|Do you see it, too (Finally, in 1986, Averbakh saw it as well, writing: it is a creation of genius)? There's a checkmate in twenty moves, below. Apparently composed 13 centuries ago, in Babylonia, by As-Suli in the Court of Caliph Harun-ar-Rashid, as featured in the one of the earliest remaining books, entitled: The Thousand & One Arabian Nights. |
The rules of the puzzle are Shatranj, and so, the Queen is really a Firzan (both its move and attack are one move at a time, but only diagonally outwards), and not yet a Fers (with its immediate choice of a leap), its Mediaevil successor. The name stems from the Rank of the Aparzan, a Tent Commander-in-Chief of an Army.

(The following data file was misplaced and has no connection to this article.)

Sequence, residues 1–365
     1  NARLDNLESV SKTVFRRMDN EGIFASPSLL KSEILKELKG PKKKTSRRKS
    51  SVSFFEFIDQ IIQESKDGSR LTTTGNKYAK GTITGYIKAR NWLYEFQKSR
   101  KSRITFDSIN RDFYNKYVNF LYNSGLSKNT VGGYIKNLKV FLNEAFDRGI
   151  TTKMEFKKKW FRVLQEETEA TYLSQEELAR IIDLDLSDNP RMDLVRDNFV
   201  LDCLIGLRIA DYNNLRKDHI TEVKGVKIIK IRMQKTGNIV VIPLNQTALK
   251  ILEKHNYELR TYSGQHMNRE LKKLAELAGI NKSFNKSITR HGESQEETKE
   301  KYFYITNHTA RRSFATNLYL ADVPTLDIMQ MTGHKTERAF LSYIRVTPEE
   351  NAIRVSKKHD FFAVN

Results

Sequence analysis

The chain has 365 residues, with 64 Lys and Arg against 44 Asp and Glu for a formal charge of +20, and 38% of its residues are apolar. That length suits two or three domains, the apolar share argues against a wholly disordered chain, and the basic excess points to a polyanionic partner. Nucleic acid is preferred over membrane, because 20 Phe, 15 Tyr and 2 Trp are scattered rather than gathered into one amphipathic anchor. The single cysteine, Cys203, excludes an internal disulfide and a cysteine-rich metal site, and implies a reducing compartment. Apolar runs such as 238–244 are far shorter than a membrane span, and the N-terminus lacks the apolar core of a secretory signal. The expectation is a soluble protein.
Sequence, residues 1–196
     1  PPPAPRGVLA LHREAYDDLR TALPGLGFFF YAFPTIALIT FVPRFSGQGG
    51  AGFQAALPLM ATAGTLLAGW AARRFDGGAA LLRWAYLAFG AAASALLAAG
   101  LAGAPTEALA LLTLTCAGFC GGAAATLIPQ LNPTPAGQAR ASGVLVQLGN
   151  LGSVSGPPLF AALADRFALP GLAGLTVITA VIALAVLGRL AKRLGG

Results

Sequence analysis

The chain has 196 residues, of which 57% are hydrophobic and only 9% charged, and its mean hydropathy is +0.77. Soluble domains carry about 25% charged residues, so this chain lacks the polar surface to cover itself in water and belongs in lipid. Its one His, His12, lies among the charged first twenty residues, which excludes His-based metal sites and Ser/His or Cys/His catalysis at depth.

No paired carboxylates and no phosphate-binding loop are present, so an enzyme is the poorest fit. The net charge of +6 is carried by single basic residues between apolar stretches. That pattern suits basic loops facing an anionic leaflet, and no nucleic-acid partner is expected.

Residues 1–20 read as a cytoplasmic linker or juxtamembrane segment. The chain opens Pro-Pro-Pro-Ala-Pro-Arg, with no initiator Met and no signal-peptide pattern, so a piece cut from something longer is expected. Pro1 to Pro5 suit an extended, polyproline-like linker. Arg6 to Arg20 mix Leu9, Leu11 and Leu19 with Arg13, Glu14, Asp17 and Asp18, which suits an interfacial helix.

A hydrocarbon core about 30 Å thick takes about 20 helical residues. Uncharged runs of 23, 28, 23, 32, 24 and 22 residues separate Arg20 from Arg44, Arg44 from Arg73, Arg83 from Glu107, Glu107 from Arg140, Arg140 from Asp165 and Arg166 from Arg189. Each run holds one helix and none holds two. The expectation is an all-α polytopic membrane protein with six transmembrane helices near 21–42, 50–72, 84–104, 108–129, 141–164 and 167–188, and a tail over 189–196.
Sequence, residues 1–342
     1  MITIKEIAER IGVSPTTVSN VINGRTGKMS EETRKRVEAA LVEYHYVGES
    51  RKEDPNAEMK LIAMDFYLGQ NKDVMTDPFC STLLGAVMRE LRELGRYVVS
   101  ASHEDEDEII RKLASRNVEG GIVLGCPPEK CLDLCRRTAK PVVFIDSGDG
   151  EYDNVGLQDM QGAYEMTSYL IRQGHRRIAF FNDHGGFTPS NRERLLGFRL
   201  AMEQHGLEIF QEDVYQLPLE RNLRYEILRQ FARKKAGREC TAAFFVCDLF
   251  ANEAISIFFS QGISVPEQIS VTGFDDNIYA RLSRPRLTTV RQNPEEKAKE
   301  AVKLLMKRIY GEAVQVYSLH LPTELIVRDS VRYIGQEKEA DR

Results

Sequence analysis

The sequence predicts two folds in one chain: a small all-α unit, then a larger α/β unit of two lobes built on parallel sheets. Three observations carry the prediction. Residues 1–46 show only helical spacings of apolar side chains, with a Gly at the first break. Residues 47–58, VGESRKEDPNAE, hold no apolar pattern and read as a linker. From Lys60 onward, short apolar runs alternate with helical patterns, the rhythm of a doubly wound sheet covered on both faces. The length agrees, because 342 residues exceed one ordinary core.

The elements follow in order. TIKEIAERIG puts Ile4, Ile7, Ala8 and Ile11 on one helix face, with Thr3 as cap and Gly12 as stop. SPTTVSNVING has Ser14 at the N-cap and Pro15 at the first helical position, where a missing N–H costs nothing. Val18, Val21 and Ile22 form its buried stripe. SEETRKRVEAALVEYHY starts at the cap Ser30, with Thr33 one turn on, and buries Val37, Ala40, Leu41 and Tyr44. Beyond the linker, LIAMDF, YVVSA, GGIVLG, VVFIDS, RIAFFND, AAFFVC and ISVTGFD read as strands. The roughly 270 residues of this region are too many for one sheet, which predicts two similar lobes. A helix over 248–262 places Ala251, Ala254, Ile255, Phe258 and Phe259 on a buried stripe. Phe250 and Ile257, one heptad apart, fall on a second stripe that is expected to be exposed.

Another rule of Shatranj at the time is that immediately prior to the appearance of a bare King position, stalemate would only occur if the side with the bare King can also immediately take sufficiently much material to strip bare both Kings. Otherwise, the side with the bare King is also checkmated.
click for larger view
The hints are that:
(i) white may make progress if it were black, in zugzwang, who was compelled to move,
(ii) there is a mirror-diagonal solution which can assist white in the pace of his progress,
(iii) is it possible in the game for a King to mate with a Queen (er... Firzan)?
Sources: Oxford Companion to Chess (terminology), and seen once as a puzzle in the Globe & Mail, of Jonathan Berry.
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